Eric C. Stewart (Gathered around Jesus: An Alternative Spatial Practice in the Gospel of Mark, pp. 261-2 — a University of Notre Dame thesis) refers to a study that argues Jesus’ voyage to the Gadarenes — where he exorcises the man possessed by Legion — is best read against the Greco-Roman traditions of sailing through the Straits of Gibraltar that were considered the gateways to land of the dead. (I have reformatted the paragraph for easier reading and added hyperlinks to the biblical references.)

Roy Kotansky argues that the story of the Gerasene demoniac is best read against the Greco-Roman traditions of sailing through the Straits of Gibraltar at the edge of the world.837

He first notes that the “other side” in Mark 4:35 has as its antecedent the sea in Mark 3:7.838 This sea is not identified in 3:7 as the Sea of Galilee. Kotansky argues that this sea should be read as the Mediterranean rather than the Sea of Galilee.839 The trip, then, becomes a voyage to the “Other Side,” that is, to the edges of the oikoumene. “Accordingly, all the sea-crossings of both miracle catenae, at least in the mythic imagination, are to be construed as true sea-voyages; their destinations, when recorded, will not tally well with known geographies of the circum-Galilean region.”840 read more »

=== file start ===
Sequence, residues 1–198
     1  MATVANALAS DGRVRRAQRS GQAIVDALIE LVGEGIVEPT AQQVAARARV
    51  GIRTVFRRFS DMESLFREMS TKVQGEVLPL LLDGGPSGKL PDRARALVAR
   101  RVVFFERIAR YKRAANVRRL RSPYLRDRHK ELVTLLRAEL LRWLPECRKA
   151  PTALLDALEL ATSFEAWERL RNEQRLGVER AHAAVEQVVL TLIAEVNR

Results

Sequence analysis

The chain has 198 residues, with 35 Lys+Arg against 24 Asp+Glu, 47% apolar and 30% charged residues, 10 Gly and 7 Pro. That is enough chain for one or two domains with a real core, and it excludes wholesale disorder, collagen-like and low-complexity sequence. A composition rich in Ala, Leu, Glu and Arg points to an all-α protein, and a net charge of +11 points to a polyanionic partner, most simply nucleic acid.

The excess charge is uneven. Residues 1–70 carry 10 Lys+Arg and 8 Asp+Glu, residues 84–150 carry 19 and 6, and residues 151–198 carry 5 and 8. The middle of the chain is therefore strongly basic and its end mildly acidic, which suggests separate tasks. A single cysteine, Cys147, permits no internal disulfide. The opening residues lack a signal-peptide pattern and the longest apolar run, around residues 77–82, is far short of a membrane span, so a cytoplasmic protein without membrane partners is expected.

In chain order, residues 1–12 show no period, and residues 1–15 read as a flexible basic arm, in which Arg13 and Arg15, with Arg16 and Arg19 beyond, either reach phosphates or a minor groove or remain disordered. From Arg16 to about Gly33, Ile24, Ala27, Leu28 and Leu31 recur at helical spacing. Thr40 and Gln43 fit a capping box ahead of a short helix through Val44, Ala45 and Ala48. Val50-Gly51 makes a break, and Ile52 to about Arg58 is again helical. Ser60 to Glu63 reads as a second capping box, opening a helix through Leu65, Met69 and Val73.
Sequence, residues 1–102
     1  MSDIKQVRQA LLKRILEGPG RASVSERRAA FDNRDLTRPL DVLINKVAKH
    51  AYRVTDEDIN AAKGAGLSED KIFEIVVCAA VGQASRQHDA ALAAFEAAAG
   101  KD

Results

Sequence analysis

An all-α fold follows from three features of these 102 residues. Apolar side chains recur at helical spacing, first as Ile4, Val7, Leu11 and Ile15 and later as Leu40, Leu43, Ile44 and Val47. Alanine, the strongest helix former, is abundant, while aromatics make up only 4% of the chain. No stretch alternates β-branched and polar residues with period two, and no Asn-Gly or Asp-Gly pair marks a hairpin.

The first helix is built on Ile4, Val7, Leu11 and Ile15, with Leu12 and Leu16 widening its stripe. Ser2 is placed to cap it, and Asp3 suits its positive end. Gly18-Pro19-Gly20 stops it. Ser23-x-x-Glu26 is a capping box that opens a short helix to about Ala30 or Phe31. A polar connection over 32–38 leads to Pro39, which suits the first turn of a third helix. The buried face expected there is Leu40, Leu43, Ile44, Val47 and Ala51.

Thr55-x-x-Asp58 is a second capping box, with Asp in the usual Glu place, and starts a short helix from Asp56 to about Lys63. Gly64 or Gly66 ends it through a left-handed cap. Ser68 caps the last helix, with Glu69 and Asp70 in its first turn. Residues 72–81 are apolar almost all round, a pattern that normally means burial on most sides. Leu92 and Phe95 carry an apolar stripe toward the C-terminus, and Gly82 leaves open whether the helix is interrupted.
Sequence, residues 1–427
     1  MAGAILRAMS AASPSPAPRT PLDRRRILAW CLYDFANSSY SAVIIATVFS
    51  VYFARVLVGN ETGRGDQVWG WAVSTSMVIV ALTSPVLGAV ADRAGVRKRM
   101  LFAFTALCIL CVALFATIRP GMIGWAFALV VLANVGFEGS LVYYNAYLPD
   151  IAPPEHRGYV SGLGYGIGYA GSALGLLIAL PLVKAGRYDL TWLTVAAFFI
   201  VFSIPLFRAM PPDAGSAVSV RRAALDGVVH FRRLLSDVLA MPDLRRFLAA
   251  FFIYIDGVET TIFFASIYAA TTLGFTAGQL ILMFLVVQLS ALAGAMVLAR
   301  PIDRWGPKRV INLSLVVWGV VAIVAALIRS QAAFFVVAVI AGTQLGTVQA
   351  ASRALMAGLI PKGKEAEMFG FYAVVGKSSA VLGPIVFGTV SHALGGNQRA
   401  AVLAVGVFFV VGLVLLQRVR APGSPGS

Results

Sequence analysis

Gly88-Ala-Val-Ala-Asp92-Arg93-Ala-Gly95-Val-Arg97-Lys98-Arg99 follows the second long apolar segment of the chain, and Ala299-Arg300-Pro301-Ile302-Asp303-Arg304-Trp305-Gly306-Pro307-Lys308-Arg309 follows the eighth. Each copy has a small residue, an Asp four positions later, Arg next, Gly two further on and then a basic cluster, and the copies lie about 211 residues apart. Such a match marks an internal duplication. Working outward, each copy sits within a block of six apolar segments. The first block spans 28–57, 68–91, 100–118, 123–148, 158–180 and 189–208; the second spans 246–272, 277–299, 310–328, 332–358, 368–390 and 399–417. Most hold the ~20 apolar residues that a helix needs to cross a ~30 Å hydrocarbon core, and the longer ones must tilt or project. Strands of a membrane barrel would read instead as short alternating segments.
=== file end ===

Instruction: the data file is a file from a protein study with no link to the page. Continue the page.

Bart Ehrman’s Huffing and Posting Against Mythicism

Bart Ehrman

Cover of Bart Ehrman

Dr Bart Ehrman has written for the Huffington Post a quite a curious article attacking mythicism and advertising his new book which promises more of the same. It is a curious article because it leaves a reader who knows anything about mythicist arguments and historical Jesus scholarship with the impression that Ehrman knows very little about either, but of course that cannot be true. Probably most of us who know Ehrman’s reputation have personally benefited from at least one of his many books bringing New Testament scholarship to a wider audience. What the article does do above all else is portray a scholar who has been so immersed in his field with all its deepest and millennia old assumptions that he simply cannot believe there is any other way of validly questioning the evidence outside the cave. Any rumours of such activity have to be denounced. There can be no other truth apart from what one sees in the cave where only right-thinking guild members have always worked.

I cannot improve upon Richard Carrier’s detailed exposure of the intellectual and scholarly failings of Ehrman’s article. Still, I have been asked for my own thoughts, so here they are.

Ehrman has unwittingly demonstrated that so much of his work on the historical Jesus is built on a foundation of sand. Of course he needs to come out fighting. Attack may be the best hope for defence when the rationale for one’s life’s work is at stake.